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Transcript of APHG Migration
Pull: Refuge in camps, religious freedom and rest, political protection. Gravity Model The Lost Boys of Sudan follow Ravenstein's migration law of relocating short distances. Most Lost Boys migrated to the nearest refuge camps in Ethiopia and Kenya. Ravenstein's law of migrants heading to major economic activity centers is defied by a majority (8,500) of the Sudanese that migrated to the U.S. moving to Omaha, Nebraska. Intervening obstacles The Lost Boys faced many obstacles including dehydration, starvation, sickness, and attack from enemy soldiers and wild animals. One major obstacle was Ethiopia's newly elected government who banned the Lost Boys, forcing them to re-cross their war torn country and seek refuge in northwest Kenya. Attitudes Toward Immigrants Sudanese migrants have faced many hardships to be in a safe country, and many were unable to overcome the obstacles they faced. Attitudes toward the migrants have been for the most part well-meaning but that cannot overcome their sense of isolation and detachment from their culture. Sources Wikipedia
International Rescue Committee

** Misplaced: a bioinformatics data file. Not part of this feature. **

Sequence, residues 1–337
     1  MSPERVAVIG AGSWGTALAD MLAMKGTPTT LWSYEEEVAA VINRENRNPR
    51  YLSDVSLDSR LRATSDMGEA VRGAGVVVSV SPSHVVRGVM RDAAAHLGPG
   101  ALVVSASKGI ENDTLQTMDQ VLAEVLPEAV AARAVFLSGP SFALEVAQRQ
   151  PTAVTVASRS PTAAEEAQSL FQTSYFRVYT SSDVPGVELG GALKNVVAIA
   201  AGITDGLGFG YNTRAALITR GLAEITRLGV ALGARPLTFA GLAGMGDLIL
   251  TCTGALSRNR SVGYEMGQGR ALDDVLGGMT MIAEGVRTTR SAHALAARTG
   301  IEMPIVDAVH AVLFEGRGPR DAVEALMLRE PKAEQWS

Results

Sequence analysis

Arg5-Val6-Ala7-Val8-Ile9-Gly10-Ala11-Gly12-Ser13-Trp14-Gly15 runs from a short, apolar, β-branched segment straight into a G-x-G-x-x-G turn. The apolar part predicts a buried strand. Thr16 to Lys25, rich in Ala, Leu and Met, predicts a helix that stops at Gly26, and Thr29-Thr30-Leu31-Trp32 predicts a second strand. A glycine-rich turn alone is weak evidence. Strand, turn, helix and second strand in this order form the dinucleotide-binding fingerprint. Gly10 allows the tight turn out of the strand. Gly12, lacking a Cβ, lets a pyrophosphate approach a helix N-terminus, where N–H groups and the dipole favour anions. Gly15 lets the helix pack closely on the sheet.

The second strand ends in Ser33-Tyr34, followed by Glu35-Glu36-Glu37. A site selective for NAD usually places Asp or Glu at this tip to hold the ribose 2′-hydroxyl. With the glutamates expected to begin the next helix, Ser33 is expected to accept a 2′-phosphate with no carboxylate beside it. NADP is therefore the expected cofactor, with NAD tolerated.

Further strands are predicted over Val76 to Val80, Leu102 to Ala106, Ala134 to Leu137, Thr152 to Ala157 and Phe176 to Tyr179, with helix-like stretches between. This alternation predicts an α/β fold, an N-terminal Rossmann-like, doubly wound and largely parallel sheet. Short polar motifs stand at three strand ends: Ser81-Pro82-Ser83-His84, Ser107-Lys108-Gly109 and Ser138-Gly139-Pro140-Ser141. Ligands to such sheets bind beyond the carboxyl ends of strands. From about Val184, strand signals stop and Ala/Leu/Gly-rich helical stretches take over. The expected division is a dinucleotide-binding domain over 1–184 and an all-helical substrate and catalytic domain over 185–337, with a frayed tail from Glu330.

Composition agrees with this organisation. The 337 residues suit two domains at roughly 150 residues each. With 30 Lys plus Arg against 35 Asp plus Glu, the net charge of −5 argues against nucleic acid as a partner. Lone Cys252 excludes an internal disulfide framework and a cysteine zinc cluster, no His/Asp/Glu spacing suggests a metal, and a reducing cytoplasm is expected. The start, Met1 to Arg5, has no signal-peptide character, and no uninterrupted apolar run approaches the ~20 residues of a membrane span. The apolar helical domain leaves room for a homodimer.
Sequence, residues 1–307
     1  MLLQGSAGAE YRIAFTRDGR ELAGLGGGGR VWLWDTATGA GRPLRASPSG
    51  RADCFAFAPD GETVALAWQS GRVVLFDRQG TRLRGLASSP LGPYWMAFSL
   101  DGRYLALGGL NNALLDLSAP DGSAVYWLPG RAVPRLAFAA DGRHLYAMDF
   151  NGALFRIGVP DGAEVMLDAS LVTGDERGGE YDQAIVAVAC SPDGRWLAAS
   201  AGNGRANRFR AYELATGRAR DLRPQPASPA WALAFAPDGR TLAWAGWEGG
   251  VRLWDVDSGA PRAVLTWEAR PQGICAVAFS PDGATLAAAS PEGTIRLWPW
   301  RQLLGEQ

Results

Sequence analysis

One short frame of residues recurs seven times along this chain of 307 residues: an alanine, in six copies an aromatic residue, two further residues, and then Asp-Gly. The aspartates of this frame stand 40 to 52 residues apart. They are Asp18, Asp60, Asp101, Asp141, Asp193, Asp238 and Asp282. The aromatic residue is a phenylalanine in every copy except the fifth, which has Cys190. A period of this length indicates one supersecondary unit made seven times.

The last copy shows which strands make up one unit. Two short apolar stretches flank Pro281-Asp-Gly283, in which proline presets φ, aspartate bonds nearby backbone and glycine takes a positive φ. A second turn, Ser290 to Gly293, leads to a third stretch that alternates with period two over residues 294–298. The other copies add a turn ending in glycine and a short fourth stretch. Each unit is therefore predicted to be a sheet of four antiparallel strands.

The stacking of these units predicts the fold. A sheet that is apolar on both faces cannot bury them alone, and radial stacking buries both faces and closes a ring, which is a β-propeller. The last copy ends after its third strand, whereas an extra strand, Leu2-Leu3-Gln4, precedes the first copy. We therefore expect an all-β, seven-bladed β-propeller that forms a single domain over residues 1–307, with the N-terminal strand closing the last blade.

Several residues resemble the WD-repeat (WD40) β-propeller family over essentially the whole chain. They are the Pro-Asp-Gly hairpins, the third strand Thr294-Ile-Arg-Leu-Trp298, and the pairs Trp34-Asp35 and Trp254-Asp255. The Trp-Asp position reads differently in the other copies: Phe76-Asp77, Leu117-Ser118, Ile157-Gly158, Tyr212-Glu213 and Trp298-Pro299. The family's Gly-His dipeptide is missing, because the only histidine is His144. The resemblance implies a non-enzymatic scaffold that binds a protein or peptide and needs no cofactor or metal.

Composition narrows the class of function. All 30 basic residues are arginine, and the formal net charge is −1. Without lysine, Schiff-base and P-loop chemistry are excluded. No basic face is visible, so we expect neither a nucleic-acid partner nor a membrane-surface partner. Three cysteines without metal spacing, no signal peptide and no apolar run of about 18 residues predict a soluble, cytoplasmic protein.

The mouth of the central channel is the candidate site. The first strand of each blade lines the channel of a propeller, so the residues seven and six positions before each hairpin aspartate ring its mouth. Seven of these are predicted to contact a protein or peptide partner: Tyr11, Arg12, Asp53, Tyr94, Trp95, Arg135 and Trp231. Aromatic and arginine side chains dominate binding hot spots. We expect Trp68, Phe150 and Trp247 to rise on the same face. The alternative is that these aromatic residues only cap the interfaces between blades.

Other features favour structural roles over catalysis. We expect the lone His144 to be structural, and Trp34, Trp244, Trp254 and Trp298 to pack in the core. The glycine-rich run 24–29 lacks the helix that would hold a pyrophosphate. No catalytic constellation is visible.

http://family.go.com/entertainment/article-csm-82543-video-dvd-review--lost-boys-of-sudan-t/ Other Info Many Sudanese migrants followed a chain migration to Omaha, Nebraska. They moved to this particular place to be with others from their country and of their culture. For some girls resettling in the U.S. was difficult because they had already been placed in a temporary home with another family. The U.S. government saw them not as orphaned refugees but as having a home, making them ineligible for the resettling process. *arrows not drawn to scale Some lost boys beginning their journey to Ethiopia (Left), the book War Child, written by Emmanuel Jal (Middle), and a migration map of Sudan (Right). The most important thing about Sudan's Lost Boys migration is that millions were killed and even more left without food, family, or shelter. This should encourage us to take action against abusive governments and help those who cannot help themselves.